In 2010, Creative Director Kashiwa Sato embarked on an ambitious project to rebrand 7-Eleven Japan. In doing so, Sato developed a design strategy for Japan’s largest chain of convenient stores (conbini) and deployed, what he calls, “iconic branding.” It’s the same approach he’s used for other high-profile clients like Uniqlo and NTT Docomo but the essence is to identify a core message and then design an icon that conveys that message across barriers.
As part of the rebranding, Kashiwa redesigned more than 1700 items, a daunting task by any measure. And there was a rollout of various phases, such as the private brands that came in the 2nd year, followed by the “Seven Café” coffee stand in the 3rd year. According to the designer, his initiative resulted in record sales. The Seven Café also created a social phenomenon and catapulted 7-Eleven to the positions of top coffee seller in Japan within a year.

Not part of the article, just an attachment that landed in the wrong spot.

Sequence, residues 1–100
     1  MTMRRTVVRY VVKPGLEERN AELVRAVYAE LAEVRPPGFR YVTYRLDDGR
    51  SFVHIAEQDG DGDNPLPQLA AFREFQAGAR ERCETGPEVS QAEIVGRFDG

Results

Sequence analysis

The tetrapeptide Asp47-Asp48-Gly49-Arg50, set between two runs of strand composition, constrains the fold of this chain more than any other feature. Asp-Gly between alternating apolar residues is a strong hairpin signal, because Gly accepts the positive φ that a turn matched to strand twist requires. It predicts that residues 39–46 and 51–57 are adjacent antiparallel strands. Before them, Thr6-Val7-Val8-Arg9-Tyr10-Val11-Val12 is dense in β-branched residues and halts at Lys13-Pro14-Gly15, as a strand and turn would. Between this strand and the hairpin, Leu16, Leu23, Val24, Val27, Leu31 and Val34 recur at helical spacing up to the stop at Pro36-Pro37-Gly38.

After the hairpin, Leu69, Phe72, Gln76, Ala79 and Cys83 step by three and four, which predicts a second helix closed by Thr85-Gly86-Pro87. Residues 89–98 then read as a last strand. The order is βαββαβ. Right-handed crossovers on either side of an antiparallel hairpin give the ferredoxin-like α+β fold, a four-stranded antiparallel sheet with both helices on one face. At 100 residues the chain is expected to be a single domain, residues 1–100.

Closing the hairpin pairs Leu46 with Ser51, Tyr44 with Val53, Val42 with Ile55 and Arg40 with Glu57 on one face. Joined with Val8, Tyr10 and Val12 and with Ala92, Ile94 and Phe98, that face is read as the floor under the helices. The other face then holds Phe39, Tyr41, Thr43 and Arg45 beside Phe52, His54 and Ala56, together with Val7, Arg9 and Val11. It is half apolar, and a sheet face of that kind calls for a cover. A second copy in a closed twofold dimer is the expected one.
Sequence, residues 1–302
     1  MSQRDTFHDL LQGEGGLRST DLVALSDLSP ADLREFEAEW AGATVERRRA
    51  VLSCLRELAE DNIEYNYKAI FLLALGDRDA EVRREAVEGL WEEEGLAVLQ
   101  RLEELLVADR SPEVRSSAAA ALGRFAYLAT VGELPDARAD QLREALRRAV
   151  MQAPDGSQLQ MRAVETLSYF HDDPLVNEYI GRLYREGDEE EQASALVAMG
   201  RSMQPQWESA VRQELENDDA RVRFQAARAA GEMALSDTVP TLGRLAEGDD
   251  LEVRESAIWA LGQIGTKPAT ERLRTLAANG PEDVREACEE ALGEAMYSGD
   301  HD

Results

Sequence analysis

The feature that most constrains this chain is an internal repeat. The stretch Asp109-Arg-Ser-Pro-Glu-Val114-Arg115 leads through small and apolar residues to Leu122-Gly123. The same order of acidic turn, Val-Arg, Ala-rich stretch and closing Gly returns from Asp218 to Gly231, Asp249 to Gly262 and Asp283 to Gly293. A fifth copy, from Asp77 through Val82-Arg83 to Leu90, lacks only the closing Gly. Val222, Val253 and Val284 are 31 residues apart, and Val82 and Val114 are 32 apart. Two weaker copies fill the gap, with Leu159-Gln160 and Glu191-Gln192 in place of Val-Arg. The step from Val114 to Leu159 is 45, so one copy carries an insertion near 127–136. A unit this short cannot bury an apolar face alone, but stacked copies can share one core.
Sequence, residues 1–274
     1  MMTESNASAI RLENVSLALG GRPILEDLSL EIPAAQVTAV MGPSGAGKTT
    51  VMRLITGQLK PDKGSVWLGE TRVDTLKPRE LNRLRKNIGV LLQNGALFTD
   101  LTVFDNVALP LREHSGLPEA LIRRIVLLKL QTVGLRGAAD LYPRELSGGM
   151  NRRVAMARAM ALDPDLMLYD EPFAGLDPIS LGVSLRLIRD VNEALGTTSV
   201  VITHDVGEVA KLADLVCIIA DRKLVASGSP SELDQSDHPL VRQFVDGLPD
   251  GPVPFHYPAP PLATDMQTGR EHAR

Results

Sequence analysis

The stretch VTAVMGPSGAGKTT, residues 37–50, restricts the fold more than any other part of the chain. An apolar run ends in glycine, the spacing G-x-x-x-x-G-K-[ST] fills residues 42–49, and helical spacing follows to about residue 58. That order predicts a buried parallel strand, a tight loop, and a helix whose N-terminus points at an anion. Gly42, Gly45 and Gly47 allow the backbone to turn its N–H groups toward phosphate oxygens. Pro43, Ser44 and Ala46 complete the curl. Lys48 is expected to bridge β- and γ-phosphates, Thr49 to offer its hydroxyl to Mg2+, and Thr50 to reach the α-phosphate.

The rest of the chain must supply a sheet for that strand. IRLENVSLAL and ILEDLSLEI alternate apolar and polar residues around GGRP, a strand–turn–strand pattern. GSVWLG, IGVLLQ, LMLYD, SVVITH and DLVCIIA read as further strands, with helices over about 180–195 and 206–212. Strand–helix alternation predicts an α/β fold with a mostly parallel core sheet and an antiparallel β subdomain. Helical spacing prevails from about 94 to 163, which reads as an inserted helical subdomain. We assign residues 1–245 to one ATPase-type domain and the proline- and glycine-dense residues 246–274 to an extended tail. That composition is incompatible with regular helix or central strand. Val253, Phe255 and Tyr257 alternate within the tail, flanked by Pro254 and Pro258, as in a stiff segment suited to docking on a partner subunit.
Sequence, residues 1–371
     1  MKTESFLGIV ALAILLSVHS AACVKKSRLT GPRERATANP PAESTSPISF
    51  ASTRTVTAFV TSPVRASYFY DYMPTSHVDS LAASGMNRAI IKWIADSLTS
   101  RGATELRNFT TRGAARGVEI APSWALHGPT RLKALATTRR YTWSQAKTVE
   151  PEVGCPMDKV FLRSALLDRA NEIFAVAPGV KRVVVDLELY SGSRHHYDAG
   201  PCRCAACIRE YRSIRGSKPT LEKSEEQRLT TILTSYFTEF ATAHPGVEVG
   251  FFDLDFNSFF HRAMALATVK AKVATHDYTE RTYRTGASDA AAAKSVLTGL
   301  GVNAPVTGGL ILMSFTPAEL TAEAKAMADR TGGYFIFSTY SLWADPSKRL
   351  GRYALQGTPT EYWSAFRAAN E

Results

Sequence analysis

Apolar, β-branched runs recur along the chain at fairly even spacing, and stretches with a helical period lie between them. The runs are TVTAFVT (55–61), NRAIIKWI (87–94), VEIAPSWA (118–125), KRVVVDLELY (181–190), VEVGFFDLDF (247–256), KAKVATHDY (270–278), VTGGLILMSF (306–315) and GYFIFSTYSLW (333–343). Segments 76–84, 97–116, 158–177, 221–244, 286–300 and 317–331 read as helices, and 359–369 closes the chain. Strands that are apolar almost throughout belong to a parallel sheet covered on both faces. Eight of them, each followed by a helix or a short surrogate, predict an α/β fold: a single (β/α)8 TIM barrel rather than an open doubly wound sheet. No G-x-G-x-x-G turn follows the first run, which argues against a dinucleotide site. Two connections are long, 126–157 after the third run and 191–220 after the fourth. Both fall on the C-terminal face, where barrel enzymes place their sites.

It’s hard to quantify the value of rebranding strategies, but long-term case studies such as this serve to further solidify the value of design. Researcher and designer Motoki Hirano made an attempt to quantify the data by looking at sales data that the company publishes. The first chart below shows an elevated trajectory of sales when compared to pre-rebranding and post-rebranding periods. And even if you look at sales growth per store, there’s a big gap up in sales after they rebranded.